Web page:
lawyer called
Marie
Louisa (?). The Germans who were detained were
deported to the German
border.
The Germans had a large escort of police to take them
to the border.
One
Lithuanian guy had no money, passport or documents and
the Lithuanian
consulate
were not contactable. I gave him some money and asked
the lawyers to
look
after
him. Local people brought us food and clothes. The
consulate staff were
also
there to meet us at the prison and they stayed with us
all the time in
the
police station for which I am grateful.
We were all released without charge, yet we have been
banned from
entering
Italy for 5 years. But this is from an illegal arrest.
The reason given
was
that I am 'a danger to public order and security'. The
lawyers made
many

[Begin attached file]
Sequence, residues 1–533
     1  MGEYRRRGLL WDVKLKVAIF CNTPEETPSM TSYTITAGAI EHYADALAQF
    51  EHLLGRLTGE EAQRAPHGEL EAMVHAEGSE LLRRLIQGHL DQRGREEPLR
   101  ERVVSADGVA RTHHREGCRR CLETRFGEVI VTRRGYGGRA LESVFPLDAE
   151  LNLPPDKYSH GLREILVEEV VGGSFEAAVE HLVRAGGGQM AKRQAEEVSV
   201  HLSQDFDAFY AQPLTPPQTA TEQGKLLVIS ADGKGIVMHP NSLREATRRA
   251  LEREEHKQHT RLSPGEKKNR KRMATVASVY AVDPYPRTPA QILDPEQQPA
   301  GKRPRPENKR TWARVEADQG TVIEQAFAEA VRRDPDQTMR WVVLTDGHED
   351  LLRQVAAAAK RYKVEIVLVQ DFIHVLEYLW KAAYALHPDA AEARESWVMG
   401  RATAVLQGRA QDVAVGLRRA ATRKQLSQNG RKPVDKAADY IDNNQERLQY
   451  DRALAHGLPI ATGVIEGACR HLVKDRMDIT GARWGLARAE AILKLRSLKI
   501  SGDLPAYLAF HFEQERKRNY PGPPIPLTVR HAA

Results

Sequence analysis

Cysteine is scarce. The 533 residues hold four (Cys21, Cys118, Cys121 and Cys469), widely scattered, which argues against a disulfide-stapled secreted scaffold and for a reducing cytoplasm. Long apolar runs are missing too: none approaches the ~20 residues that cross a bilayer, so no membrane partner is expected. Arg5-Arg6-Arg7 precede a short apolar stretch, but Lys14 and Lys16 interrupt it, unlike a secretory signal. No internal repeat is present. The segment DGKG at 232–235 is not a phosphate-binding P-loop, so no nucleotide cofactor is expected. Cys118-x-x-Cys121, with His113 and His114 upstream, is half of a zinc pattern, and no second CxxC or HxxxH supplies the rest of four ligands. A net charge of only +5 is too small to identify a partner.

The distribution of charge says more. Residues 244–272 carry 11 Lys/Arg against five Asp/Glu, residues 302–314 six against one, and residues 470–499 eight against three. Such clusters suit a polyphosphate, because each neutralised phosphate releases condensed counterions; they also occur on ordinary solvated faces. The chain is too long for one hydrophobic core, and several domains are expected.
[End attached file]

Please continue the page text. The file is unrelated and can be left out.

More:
protests against the imposed deportation order and we
collectively
protested
against the it, however we were taken to a Milan
airport and basically
left
there with no passports or money, all we had was a
letter from the
police. We
had to pay for our own flights for our own
deportation.
Despite the fact that we were being deported by the
italisan state, we
had to
each buy our own tickets costing 230 each  we arrived
at Heathrow on
Thursday
morning.

In conclusion, it felt like the beginning of a police
state, like how,
for
example, Pinochet seized power in Chile. There was no
rule of law or
any
regard
for constitutional rights. The police were genuinely
the government.
But I do
not blame Italian people for this, many Italian people
gave me much
solidarity
and support  I blame the Italian police and the
Italian state for what
happened
and I call upon them to be bought to account for their
completely
unacceptable
actions.
I would like to end by saying that I am not
intimidated or frightened
by this
police brutality. I am determined that the police and
their political
masters
will not get away with this. There have been hundreds
of thousands of
people
all around the world supporting us and opposing the
G8. There is a huge
push
for change and I am proud to be part of it.

Signed  Jonathan Norman Blair
Friday 27th July 2001